• IV. More Anonymous Sayings (24:23-34): This section records additional wisdom sayings from Israelite sages. The wise men who generally have been associated with the royal court must have been a prominent class in ancient Israel (Job 15:18Prov 1:622:1724:23Jer 18:18). These men, like Hezekiah’s men (Prov 25:1), may have been royal scribes commissioned with the task of collecting axioms and proverbial sayings about the practical aspects of life.
  • V. More Proverbs of Solomon (Chaps. 25-29): This more lengthy section of Solomon’s proverbs is frequently subdivided into two sections, chaps. 25-27 and chaps. 28-29. The first subsection has parallel lines, which are mostly synthetically parallel, and includes numerous similes and also rules based on practical experience. Chapter 25 has some topical collections that come closest to the longer discourse forms in 1:8-9:18 than in any other portion of the book. The second section (chaps. 28-29) exhibits mostly antithetical parallelism as well as sayings that could be considered more religious in tone. Also contrasts between the rich and the poor are more frequent in these two chapters than in other sections of the book.

The collection of these proverbs during the reign of Hezekiah (715-687 BC) may reflect his focus on effecting a religious reform during his reign (2 Kings 18-20Isaiah 36-39). Of particular importance in this section is a focus on the responsibility of the king to fear the Lord and live in obedience before Him. (MRG,  534-535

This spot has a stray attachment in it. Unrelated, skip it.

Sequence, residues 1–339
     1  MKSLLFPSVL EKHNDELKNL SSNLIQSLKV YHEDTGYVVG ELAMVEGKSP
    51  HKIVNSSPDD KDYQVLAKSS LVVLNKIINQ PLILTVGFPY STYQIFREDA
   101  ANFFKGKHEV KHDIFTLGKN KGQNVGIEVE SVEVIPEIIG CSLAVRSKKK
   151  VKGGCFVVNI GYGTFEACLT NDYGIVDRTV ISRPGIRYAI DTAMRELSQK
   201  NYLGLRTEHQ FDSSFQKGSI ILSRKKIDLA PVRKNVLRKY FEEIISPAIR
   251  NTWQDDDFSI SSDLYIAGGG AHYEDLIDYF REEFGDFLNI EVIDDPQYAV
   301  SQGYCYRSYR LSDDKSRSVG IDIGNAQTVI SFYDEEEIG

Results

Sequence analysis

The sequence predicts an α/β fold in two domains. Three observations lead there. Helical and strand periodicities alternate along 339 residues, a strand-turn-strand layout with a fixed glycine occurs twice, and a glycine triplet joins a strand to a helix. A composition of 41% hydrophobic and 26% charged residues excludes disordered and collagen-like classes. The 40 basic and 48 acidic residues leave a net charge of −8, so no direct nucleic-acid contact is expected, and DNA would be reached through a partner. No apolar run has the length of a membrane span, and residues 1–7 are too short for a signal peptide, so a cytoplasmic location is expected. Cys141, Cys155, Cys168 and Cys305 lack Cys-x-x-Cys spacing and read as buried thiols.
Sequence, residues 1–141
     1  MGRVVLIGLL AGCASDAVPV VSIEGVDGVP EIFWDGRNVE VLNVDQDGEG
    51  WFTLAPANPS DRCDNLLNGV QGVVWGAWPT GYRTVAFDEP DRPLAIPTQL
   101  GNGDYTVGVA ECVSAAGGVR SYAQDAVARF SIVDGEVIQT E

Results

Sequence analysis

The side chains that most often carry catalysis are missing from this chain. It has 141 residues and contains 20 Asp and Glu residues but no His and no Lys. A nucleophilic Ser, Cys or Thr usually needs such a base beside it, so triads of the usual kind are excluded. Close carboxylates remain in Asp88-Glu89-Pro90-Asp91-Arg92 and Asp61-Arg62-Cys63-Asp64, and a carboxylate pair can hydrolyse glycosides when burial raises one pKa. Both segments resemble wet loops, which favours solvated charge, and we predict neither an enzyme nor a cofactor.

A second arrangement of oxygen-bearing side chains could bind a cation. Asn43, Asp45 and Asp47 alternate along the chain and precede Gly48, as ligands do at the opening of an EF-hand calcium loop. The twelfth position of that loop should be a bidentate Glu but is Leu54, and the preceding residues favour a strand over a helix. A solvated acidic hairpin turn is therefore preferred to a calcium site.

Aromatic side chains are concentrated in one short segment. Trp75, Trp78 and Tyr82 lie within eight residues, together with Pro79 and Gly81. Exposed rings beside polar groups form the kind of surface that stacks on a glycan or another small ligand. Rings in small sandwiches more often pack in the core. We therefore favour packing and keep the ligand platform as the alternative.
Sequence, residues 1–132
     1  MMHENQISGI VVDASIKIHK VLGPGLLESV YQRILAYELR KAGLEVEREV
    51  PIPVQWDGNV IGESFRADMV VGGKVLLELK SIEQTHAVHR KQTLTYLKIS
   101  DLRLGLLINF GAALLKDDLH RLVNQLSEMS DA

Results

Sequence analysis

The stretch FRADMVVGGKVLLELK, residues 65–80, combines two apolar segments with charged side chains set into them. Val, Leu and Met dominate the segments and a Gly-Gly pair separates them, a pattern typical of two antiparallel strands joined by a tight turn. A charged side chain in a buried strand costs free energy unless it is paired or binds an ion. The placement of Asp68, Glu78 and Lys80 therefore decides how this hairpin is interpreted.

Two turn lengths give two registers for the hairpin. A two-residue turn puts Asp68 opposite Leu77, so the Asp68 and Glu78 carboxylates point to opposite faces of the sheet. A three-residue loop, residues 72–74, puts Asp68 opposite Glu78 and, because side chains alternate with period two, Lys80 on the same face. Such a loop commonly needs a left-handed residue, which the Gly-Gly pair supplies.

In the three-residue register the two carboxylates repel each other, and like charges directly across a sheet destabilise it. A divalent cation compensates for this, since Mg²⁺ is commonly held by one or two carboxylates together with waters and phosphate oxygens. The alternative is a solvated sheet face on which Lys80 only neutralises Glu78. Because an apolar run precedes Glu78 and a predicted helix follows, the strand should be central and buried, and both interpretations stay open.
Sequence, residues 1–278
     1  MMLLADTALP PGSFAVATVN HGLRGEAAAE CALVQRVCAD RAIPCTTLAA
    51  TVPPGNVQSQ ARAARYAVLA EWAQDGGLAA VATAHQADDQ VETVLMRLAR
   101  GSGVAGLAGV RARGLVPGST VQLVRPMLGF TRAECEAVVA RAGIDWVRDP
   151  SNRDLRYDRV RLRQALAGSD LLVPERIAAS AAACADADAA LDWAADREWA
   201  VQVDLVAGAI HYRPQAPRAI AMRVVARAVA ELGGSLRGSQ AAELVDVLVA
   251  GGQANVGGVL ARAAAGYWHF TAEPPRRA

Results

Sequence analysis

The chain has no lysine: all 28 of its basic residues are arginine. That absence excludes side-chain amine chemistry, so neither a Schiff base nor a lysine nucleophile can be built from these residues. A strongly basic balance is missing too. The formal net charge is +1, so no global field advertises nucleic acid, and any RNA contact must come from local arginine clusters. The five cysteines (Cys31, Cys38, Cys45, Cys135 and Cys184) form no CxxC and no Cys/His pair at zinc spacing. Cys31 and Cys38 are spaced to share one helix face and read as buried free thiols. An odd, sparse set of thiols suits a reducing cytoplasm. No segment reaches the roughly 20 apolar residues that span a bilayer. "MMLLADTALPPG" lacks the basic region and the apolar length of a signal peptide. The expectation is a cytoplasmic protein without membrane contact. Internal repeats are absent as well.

• VI. Sayings of Agur (Chap. 30): In 30:15-33 are graded numerical sayings with three observations that allude to the four types of persons mentioned in 30:11-14 This x, x + 1 pattern is attested elsewhere in the  (Amos 1-2Mic 5:5) and in Ugaritic literature.
  • VII. Sayings of Lemuel (Chap. 31): This chapter has small sections (31:2-9) that address social issues reminiscent of theme addressed elsewhere in the book. This is followed by an acrostically arranged poem that describes the virtuous woman (31:10-31). The two sections are connected by a reference to women (vv. 3,10), a concern for noble character ( ḥayilvv. 3,10) as well as a concern for the poor (vv. 9,20). (Watke The virtuous woman displays the wise character and qualities emphasized throughout the book. Possibly this positive portrayal of the virtuous woman is intended to counter the many references elsewhere in the book to the wayward woman who tries to seduce young men. The virtuous woman exemplifies the fear of the Lord (vv. 27-31), the prerequisite for wisdom. Thus the end of the book with its focus on wisdom returns to the theme with which the book began in 1:7.